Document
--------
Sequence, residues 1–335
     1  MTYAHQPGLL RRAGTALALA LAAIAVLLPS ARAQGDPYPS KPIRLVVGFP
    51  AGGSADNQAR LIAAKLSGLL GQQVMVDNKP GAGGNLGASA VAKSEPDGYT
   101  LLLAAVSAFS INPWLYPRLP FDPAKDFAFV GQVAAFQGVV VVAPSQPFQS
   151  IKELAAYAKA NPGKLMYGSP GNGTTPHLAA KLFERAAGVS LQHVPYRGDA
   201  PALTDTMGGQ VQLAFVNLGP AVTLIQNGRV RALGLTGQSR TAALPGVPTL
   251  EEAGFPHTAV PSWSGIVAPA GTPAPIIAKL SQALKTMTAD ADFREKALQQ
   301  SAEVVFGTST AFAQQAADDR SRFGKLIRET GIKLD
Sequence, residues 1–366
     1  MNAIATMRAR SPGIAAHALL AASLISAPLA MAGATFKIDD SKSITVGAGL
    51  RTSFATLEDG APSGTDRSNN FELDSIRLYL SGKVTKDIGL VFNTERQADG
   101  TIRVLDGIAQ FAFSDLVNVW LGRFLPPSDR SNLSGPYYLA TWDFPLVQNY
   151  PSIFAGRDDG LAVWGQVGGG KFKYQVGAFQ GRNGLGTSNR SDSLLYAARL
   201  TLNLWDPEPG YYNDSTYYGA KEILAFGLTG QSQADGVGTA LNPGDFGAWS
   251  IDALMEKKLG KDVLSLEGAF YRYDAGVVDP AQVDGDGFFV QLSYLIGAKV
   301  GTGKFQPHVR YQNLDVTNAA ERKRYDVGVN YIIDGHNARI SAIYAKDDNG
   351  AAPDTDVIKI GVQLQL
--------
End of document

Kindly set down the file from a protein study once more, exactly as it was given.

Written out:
Sequence, residues 1–335
     1  MTYAHQPGLL RRAGTALALA LAAIAVLLPS ARAQGDPYPS KPIRLVVGFP
    51  AGGSADNQAR LIAAKLSGLL GQQVMVDNKP GAGGNLGASA VAKSEPDGYT
   101  LLLAAVSAFS INPWLYPRLP FDPAKDFAFV GQVAAFQGVV VVAPSQPFQS
   151  IKELAAYAKA NPGKLMYGSP GNGTTPHLAA KLFERAAGVS LQHVPYRGDA
   201  PALTDTMGGQ VQLAFVNLGP AVTLIQNGRV RALGLTGQSR TAALPGVPTL
   251  EEAGFPHTAV PSWSGIVAPA GTPAPIIAKL SQALKTMTAD ADFREKALQQ
   301  SAEVVFGTST AFAQQAADDR SRFGKLIRET GIKLD
Sequence, residues 1–366
     1  MNAIATMRAR SPGIAAHALL AASLISAPLA MAGATFKIDD SKSITVGAGL
    51  RTSFATLEDG APSGTDRSNN FELDSIRLYL SGKVTKDIGL VFNTERQADG
   101  TIRVLDGIAQ FAFSDLVNVW LGRFLPPSDR SNLSGPYYLA TWDFPLVQNY
   151  PSIFAGRDDG LAVWGQVGGG KFKYQVGAFQ GRNGLGTSNR SDSLLYAARL
   201  TLNLWDPEPG YYNDSTYYGA KEILAFGLTG QSQADGVGTA LNPGDFGAWS
   251  IDALMEKKLG KDVLSLEGAF YRYDAGVVDP AQVDGDGFFV QLSYLIGAKV
   301  GTGKFQPHVR YQNLDVTNAA ERKRYDVGVN YIIDGHNARI SAIYAKDDNG
   351  AAPDTDVIKI GVQLQL